Explanations of the persuasiveness of TV advertising

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Hard and Soft sell advertising
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Terms in this set (8)
Hard sell = presenting factual information about product
Soft sell = using more subtle and creative techniques
Study found that both had different effects on different people, people who scored highly on a self-monitoring test (high image conscious) had more favourable attitudes to soft sell adverts and people who scored low (less image conscious) preferred hard sells
Martin et al (2008) found that students were more convinced by a fictional fellow student when buying a camera than a celeb as people want a product that is seen as fashionable in their group, rather than a celeb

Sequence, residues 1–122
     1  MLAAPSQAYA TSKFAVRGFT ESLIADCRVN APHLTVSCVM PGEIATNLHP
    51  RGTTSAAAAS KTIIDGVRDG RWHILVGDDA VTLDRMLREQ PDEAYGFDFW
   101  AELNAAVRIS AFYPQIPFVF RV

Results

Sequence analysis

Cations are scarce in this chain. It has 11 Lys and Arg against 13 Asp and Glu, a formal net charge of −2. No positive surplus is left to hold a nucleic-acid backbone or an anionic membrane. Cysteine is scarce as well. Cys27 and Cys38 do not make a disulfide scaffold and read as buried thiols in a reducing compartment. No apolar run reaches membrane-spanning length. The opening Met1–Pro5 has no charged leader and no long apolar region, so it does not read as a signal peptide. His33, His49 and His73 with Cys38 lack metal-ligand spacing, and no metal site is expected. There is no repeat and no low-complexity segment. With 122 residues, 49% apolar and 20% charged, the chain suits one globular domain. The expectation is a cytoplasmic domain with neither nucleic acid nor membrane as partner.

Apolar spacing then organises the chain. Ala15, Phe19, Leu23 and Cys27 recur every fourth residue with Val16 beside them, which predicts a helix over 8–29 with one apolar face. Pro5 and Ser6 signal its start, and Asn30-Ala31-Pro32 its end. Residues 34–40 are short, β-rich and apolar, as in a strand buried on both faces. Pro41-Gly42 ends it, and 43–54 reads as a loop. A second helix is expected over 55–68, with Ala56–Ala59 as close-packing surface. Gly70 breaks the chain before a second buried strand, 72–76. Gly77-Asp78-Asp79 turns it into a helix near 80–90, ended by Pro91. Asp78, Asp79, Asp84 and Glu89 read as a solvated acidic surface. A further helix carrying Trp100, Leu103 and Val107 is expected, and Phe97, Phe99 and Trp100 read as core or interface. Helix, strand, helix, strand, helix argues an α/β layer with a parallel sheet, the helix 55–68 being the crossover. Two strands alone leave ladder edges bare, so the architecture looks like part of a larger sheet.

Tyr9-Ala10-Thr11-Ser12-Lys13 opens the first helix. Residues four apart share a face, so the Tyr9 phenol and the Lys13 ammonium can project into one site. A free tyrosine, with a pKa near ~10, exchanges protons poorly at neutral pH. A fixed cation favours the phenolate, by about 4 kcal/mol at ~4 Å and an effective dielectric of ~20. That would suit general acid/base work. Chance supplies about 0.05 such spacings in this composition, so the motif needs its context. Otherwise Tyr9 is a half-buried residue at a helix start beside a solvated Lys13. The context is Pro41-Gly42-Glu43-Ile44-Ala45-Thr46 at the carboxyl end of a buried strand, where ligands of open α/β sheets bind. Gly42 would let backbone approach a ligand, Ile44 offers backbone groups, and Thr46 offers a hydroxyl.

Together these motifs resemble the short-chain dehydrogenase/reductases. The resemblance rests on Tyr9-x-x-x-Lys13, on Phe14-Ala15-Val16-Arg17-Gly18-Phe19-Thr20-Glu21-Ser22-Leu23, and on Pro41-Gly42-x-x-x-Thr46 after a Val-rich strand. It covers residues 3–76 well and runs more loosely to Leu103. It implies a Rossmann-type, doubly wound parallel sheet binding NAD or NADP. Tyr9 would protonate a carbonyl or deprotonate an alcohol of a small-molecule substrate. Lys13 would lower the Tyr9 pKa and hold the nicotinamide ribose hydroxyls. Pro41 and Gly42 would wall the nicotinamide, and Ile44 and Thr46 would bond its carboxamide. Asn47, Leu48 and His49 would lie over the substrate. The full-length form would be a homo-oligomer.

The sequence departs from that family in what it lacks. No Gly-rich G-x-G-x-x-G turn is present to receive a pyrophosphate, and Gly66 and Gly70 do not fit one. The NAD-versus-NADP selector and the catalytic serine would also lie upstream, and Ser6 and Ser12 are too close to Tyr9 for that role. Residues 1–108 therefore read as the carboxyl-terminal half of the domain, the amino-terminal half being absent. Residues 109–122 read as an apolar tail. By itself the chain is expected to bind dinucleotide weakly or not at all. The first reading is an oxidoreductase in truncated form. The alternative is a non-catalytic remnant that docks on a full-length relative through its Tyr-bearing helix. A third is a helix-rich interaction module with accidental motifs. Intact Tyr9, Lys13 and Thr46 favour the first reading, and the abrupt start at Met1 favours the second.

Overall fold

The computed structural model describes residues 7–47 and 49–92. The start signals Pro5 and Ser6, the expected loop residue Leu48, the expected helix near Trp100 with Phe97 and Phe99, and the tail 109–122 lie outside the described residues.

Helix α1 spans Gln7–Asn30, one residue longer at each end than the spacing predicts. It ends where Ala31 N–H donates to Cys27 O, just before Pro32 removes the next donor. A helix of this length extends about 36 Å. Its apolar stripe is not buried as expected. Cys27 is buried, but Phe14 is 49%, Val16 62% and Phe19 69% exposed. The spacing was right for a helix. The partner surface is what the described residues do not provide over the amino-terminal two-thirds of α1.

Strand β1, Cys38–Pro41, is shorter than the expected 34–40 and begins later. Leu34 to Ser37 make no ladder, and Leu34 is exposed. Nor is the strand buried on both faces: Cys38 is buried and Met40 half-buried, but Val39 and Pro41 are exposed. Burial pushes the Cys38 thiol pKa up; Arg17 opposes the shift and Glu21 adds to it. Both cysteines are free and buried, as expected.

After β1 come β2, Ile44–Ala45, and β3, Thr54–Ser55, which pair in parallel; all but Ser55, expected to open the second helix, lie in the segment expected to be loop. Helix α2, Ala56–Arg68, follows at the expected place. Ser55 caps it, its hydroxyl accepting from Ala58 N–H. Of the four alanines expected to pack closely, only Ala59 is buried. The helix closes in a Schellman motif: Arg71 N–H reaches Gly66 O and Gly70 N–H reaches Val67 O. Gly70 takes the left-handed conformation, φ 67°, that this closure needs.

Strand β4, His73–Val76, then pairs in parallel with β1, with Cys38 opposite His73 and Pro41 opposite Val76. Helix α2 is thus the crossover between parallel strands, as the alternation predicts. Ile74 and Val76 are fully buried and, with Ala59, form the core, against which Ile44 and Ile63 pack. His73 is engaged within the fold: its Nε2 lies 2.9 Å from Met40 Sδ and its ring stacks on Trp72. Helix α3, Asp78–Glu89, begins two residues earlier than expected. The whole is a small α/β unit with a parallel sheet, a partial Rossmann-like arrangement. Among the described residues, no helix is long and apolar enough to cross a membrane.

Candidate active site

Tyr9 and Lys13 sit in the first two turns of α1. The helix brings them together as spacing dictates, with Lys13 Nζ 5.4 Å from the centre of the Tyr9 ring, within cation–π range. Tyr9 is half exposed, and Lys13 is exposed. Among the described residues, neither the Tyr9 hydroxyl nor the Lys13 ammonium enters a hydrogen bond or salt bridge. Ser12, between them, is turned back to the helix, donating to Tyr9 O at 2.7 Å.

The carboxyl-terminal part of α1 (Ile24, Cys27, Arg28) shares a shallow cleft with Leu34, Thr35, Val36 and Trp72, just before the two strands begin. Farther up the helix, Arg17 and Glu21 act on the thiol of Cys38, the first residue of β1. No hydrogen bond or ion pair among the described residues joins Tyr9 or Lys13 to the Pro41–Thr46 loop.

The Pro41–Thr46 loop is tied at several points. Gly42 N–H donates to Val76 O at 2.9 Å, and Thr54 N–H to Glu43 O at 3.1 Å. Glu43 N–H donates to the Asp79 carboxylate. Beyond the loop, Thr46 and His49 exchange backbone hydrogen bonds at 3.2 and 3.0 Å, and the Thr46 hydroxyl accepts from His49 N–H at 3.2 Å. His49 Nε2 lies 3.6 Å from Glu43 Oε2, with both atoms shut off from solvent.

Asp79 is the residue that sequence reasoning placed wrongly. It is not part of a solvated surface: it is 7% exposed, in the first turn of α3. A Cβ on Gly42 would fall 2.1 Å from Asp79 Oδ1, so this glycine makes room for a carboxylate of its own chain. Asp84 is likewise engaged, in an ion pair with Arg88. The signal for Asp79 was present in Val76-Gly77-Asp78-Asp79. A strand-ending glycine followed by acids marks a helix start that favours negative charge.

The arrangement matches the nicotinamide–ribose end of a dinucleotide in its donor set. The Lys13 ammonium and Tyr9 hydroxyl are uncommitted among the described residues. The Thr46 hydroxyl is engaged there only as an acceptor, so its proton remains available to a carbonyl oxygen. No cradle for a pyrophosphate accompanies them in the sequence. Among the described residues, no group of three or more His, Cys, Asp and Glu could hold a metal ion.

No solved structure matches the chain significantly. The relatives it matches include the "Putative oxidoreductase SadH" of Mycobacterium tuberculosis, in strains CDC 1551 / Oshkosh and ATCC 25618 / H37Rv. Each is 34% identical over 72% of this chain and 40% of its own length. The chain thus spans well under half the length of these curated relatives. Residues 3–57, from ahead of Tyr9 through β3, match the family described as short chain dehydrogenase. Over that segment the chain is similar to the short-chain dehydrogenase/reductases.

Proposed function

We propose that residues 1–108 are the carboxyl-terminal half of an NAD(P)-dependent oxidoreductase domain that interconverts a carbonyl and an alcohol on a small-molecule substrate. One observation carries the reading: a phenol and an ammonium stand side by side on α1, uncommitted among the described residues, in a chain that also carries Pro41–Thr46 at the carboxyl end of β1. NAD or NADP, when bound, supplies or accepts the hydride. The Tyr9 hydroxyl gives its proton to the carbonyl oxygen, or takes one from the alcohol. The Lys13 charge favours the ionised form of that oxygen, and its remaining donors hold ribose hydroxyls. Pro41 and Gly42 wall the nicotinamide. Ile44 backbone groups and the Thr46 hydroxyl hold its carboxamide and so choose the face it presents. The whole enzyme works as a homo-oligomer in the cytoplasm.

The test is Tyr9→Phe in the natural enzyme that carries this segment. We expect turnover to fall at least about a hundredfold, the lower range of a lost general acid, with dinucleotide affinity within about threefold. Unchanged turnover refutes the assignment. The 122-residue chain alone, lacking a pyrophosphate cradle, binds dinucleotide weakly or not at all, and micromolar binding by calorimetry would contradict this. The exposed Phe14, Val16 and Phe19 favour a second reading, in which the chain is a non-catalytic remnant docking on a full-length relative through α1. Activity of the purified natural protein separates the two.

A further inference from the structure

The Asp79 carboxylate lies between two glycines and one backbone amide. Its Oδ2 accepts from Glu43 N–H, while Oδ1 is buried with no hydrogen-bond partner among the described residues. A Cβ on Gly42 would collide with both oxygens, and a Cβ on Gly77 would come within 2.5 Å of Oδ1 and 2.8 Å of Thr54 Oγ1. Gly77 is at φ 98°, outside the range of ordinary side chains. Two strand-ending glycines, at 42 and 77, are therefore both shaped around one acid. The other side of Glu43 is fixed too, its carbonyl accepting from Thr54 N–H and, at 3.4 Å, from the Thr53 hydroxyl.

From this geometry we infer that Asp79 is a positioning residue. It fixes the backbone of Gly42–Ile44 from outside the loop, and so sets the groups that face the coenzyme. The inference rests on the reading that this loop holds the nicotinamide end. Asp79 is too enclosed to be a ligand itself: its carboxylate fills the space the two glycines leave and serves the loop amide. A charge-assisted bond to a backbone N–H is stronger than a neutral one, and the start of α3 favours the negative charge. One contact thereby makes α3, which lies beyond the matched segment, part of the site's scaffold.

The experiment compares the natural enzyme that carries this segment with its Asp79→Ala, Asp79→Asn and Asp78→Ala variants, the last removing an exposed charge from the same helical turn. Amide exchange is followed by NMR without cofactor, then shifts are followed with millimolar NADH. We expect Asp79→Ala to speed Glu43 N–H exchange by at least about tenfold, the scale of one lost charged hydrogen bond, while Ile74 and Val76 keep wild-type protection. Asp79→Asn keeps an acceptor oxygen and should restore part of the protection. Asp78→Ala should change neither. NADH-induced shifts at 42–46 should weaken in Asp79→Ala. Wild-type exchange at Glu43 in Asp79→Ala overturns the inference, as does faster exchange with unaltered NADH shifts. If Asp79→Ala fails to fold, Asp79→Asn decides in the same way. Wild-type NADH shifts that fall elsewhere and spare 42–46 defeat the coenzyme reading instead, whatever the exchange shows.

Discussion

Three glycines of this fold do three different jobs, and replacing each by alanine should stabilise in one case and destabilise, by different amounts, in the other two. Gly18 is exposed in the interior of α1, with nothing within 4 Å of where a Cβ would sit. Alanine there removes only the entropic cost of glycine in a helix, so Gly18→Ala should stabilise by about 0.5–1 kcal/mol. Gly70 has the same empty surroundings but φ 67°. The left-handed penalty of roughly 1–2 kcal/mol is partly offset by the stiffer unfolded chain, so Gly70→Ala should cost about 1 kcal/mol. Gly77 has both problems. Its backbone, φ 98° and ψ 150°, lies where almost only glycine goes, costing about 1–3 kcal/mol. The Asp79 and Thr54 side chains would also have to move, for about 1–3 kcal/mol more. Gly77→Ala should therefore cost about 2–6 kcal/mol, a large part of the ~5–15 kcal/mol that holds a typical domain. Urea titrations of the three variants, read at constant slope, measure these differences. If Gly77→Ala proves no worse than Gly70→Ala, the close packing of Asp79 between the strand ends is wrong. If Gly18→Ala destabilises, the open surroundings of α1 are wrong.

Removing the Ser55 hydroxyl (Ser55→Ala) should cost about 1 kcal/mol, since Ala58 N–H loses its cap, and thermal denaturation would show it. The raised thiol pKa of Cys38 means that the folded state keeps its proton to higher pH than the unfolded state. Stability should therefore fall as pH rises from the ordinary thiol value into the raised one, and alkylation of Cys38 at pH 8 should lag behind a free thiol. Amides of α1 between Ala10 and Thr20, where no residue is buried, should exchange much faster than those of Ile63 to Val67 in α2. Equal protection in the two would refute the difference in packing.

Hume (1992) found that from 5000 TV adverts, celeb endorsement did not significantly increase the persuasiveness of the advert
Martin (1997) found a strong positive correlation between age and understanding of persuasive intent - older children could discriminate between adverts and programmes and understood the persuasive Internet of the advert and trusted them less
It is widely accepted that adverts for young children increases the degree to which they pester their parents for a product -Pine and Nash found a positive strong correlation between the amount of adverts watched and advertised items on children's letters to Santa
Pine and Nash (2001) found that in Sweden TV adverts aimed at under 12s have been banned and subsequently found that less items on Swedish children's letter to Santa than American children's letters to Santa - although there may be other reasons for this cultural difference, Pine and Mash suggested there was a strong evidence that it was the lack of advertising